There is a strong point to be made against whether college is the period of skill-acquisition that the romantic view ascribes to it, but an even more pressing concern is whether the skills that are acquired have a practical use in the economy. A student may be able to write a long, well-researched paper about the nature of gender inequalities within society, but how does that skill translate into being able to produce a desirable commodity in the economy? This is the same for the vast majority of skills learned in the course of earning one of the many degrees in the arts and humanities. Yet students still decide to get into thousands of dollars of debt in order to earn a degree that actually says very little about what good they are able to do in the marketplace.

Add in the fact that the deteriorating standards of undergraduate education and the fact that many undergraduates’ lives consist of the holy trinity of booze, partying and sleeping until noon and one has a degree that is barely worth the expensive piece of paper it was printed on. There cannot be a grand conspiracy against undergraduates since the source of debt and idle graduates is just as much a result of the voluntary decisions of each person as it is with stagnant economic conditions. To make matters even worse, many college graduates come out of college with the notion that they will be able to get a position utilizing their degree straight out of the gates and that they will be able see immediate results.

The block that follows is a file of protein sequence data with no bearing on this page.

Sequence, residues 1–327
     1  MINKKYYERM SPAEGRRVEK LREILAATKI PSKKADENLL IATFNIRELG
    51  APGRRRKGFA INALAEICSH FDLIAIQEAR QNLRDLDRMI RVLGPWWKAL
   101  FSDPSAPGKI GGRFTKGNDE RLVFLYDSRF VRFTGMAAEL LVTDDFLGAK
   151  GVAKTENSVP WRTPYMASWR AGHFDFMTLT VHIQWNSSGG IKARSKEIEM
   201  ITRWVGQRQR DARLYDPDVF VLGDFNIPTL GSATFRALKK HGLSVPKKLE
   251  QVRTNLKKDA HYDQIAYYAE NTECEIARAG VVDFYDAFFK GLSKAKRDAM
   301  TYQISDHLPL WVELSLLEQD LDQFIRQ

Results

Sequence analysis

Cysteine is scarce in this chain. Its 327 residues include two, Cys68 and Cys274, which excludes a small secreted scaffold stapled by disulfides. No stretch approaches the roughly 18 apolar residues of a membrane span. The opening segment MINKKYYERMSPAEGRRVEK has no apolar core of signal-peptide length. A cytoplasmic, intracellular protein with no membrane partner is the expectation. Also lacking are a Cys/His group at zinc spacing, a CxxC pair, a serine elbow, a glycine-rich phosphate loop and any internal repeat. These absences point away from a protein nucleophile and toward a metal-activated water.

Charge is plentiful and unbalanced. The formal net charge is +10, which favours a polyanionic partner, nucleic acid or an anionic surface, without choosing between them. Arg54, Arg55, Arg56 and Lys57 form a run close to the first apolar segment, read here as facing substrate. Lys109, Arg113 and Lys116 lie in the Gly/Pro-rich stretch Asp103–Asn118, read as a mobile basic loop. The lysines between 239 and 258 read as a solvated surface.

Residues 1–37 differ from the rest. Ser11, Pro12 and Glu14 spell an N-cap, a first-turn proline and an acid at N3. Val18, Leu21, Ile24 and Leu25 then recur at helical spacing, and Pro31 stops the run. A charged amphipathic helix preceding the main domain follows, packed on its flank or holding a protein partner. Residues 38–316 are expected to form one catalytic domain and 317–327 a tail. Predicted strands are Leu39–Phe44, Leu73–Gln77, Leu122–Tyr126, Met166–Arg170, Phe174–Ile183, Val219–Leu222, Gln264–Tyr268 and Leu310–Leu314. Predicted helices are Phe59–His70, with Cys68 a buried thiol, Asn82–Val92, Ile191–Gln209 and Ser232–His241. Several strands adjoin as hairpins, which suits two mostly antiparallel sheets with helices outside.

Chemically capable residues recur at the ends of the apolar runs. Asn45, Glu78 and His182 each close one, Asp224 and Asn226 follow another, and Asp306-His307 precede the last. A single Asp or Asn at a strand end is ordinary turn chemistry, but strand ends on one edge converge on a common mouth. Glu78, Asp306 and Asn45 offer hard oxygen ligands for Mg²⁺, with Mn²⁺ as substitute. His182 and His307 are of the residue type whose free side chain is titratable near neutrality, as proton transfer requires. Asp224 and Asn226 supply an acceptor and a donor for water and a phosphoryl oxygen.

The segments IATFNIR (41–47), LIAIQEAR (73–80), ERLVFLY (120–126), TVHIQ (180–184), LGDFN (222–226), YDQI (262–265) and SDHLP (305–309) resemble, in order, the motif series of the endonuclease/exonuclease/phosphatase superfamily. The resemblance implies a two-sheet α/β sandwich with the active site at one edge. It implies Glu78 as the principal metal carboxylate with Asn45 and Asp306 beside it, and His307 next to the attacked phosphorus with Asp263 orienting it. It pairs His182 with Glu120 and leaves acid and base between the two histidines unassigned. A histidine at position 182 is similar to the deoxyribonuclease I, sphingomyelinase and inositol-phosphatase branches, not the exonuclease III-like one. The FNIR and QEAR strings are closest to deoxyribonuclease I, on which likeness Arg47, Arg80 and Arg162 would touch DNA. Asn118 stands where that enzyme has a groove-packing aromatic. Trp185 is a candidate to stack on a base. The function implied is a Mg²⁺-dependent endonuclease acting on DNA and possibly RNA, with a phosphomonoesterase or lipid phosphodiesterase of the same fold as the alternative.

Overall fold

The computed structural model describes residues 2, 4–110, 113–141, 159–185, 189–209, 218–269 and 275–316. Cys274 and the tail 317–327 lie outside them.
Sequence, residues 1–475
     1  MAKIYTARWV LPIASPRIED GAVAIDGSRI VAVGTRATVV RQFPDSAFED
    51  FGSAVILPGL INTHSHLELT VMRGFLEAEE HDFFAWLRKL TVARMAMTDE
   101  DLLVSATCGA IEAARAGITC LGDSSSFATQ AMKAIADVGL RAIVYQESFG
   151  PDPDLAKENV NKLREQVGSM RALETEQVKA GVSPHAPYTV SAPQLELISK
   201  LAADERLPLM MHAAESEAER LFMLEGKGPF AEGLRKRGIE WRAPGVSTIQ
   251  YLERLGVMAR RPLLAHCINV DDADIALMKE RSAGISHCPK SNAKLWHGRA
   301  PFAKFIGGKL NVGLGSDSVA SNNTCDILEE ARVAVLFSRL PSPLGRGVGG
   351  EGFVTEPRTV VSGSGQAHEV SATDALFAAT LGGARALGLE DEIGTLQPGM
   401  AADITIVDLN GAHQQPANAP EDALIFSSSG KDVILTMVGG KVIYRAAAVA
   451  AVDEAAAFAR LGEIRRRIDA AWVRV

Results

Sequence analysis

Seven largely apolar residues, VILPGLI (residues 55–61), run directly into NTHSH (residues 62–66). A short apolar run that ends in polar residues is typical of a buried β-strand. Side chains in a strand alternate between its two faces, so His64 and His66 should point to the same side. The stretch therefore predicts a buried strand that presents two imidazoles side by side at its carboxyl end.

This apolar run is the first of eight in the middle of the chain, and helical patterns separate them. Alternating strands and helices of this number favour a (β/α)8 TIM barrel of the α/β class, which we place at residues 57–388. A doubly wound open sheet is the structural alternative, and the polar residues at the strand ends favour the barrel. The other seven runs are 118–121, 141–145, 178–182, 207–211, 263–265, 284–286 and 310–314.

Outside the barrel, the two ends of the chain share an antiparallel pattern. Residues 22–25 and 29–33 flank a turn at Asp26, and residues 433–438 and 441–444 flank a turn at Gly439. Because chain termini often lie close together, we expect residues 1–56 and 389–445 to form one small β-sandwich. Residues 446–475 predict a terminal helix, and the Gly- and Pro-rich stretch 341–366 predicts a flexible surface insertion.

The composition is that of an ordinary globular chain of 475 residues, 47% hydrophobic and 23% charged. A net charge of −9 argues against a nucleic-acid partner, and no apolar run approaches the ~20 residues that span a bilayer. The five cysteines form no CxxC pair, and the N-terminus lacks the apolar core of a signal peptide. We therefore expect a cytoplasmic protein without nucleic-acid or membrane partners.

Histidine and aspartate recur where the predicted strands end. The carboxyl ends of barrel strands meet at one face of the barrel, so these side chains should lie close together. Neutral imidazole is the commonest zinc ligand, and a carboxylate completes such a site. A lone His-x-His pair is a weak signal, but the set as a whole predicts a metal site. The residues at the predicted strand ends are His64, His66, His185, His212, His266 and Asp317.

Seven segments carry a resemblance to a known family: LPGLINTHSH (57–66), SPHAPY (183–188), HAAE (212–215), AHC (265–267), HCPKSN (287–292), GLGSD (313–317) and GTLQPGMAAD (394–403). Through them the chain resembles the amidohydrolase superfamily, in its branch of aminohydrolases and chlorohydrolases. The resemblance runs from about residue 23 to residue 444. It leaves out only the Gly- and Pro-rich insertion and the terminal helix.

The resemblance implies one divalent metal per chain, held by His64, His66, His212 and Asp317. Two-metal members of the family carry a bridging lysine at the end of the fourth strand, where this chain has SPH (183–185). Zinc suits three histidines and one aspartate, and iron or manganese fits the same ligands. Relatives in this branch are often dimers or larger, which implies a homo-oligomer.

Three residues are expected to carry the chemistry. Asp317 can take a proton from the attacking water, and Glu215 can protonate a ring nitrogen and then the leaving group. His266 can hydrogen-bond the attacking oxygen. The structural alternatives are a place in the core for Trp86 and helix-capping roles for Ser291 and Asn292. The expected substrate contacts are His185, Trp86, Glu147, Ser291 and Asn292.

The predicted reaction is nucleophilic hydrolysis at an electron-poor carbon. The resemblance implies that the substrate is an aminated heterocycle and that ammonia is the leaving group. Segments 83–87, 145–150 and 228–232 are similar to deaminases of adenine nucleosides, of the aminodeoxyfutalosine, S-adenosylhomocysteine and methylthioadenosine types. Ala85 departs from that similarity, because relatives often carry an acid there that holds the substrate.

All of the evidence suggests that for a sizable portion of the students filling today’s lecture halls, going to college was a questionable decision. The fact is that the price tag of a degree today is far too high for most students to be gentleman scholars and become educated in a field that they will never be able to profit from. Yet that is what is going on every day and it is continued every fall with the arrival of new freshmen. The worst part is that most are unaware of the hole that they are digging for themselves until it comes time to actually apply their skills in the job market.

Furthermore, with the emergence of innovations like the Internet, the reputable blogosphere (if you think only cranks write blogs check out marginalrevolution.com and econlib.com) and podcasts, there is reason to doubt whether the age-old ritual of the lecture halls even makes sense anymore. Despite this, commitment to higher education is a given in American society and to question whether someone ought to go to college is as great an insult to someone‘s dignity as one can muster. To bring up that question is to relegate someone to the lowest class of society and to deny them what are thought to be the many fruits of a college education. However, with many students unemployed and with the burden of debt ever weightier upon their backs, it is inhumane to doom each young adult to economic insolvency and a set of skills no one can to pay for.

It does not seem likely, but it would be greatly advantageous to everyone if the revaluation of college happened before stark economic reality forces it upon us. However, much like how the housing bubble persisted before a forced revaluation that the Federal government still attempts to fight, so too will the college bubble persist. The longer it lasts, the more brutal the necessary revaluation will become. It is time to simply ask the question: What is the role of college in America and does everyone really need an undergraduate degree?

Harrison Searles is a Collegian columnist and can be reached at [email protected]